Woman on Wall Street
Armed with two degrees, Khosa at 23 dove head first into an unsuccessful marriage to a hotelier from Pune, which lasted all of six months. Soon after, she moved to Hong Kong, where she initially worked as an air hostess with Cathay Pacific. This is also how she met her current husband, Amar Khosa, a barrister practising in Hong Kong. She subsequently made the switch to law full time and after the gruelling process of becoming a solicitor in Hong Kong, bagged a job with White & Case in Wall Street. “People graduate from Harvard and people push them to this path where they can work with a firm like White & Case. And here I was, a brown girl working there, and at that time India wasn’t on the map like it is today,” says Khosa. From here she moved to AIG as Associate Director in the legal department. And with two young children, when a work trip to Korea turned from a two-day to a two-week affair, Khosa realised this was not the lifestyle she wanted for herself. “I quit. And people thought I was being insane. But my calling was to do something else. I just decided to learn and teach yoga,” she says. After training with BKS Iyengar in Pune, Khosa opened a yogashala in Hong Kong, run just on the goodwill of clients who would contribute to the rent, help with infrastructure and pitch in with finances. “We would hold Vedanta classes, meditation classes. It was never a business, I wanted to be more of a student than a teacher. Then I studied Ayurveda formally, a one year course with Dr Vasant Lad.”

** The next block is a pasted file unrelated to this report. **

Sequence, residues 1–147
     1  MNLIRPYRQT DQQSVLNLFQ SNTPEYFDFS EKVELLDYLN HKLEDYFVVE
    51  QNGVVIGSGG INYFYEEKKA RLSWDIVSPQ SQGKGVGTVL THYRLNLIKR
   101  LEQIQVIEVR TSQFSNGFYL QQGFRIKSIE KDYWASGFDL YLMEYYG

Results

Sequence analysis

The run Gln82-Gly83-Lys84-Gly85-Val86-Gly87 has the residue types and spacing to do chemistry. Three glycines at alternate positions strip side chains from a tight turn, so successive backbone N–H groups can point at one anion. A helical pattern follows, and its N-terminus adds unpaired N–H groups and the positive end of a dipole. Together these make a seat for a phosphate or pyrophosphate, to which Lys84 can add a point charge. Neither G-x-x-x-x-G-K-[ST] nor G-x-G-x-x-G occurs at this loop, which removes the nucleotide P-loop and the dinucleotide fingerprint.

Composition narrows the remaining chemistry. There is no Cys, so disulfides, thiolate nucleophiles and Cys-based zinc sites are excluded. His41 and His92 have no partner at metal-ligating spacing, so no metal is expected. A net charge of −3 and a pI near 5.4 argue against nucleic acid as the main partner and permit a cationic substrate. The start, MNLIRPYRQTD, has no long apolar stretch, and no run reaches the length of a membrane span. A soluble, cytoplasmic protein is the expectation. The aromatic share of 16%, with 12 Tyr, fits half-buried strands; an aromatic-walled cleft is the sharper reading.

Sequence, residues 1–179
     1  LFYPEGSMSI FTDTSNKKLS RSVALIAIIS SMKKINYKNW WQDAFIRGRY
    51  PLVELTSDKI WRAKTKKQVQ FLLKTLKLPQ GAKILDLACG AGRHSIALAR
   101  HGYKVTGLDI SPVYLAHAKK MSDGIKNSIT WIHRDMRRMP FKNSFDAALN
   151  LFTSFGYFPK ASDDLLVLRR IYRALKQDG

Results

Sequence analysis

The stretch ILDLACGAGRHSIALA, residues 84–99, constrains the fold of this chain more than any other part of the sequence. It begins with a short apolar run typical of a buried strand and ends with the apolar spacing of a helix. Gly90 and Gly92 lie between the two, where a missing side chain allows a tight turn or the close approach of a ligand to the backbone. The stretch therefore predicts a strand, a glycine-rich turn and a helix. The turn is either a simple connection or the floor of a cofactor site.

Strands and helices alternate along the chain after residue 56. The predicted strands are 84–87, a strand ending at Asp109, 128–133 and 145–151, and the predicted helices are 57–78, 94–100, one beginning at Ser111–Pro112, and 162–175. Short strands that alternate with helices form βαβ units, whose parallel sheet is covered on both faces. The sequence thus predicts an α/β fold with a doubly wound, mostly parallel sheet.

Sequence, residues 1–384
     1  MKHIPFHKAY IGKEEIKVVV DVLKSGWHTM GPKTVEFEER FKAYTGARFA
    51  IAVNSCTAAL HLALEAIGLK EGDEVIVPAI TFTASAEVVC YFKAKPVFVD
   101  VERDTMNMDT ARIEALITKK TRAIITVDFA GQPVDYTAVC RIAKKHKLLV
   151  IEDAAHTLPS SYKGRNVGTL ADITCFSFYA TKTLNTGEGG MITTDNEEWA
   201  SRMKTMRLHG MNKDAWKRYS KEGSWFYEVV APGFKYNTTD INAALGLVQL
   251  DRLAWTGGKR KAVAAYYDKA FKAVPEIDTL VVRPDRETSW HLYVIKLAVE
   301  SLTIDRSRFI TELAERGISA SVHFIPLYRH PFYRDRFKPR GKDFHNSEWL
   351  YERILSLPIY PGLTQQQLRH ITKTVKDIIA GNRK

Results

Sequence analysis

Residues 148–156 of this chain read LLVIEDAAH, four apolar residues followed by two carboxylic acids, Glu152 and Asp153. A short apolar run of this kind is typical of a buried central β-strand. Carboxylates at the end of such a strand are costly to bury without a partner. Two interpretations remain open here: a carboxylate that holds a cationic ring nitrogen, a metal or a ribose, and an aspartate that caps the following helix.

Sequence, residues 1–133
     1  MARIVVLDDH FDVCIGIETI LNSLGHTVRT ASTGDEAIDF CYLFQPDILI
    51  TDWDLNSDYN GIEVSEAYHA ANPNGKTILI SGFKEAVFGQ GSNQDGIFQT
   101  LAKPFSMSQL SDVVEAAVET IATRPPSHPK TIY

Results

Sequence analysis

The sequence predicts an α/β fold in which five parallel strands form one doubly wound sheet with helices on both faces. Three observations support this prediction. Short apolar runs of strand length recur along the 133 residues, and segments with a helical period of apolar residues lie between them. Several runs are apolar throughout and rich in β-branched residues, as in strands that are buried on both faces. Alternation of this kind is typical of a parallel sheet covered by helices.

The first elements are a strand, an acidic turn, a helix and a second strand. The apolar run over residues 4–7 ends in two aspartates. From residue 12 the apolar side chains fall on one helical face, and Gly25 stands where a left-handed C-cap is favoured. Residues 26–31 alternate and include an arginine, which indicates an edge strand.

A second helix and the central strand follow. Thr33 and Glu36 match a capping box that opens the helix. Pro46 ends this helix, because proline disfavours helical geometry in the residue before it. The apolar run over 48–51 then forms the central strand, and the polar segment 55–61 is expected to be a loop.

a natural tranSition
Suddenly, Khosa’s life changed drastically. After working important telecom deals for ten years, she set off on a spiritual, Eat-Pray-Love-like journey. This finally led her to the Himalayas. “I needed to come back to my country. Hong Kong has given me everything, it’s fantastic, but it doesn’t nurture my soul. And I know that my country, my earth does,” she says. She conducted extensive research, travelling across Kashmir, Uttrakhand and Himachal, partnered with NGOs such as Umang and Chirag and women self-help groups in some of the most remote Himalayan villages, which eventually led to the conception of Purearth. “In Uttrakhand, I think it’s around 20 per cent migration from the rural areas to the cities. And it’s the men who migrate, not the women. The women are the caregivers and very often the men don’t send the money back, so women often also have to bring in the income,” she says. “I am very conscious about the ethics and the sustainability aspect of all the ingredients that I source. What I sourced at all these NGOs, none of them were guilty products. They would use chilli, garlic flakes, walnuts, apricots, rajma, rice – so this was what I was exposed to.”
A self-proclaimed “woman of the soil”, Khosa finally created a business model which was cost-effective and convenient. Sourcing from the mountains is a complex process. “Seabuckthorn oil comes from Leh, apricot oil comes from Uttrakhand, turmeric comes from Ponta Sahib near Dehradun, rosemary and other herbs come from Uttrakhand too. It doesn’t
Back to Roots Khosa is very conscious about the ethics and sustainability aspect of all the ingredients that she sources
A family affair Khosa and her husband Amar (left) often enjoy family vacations with their two sons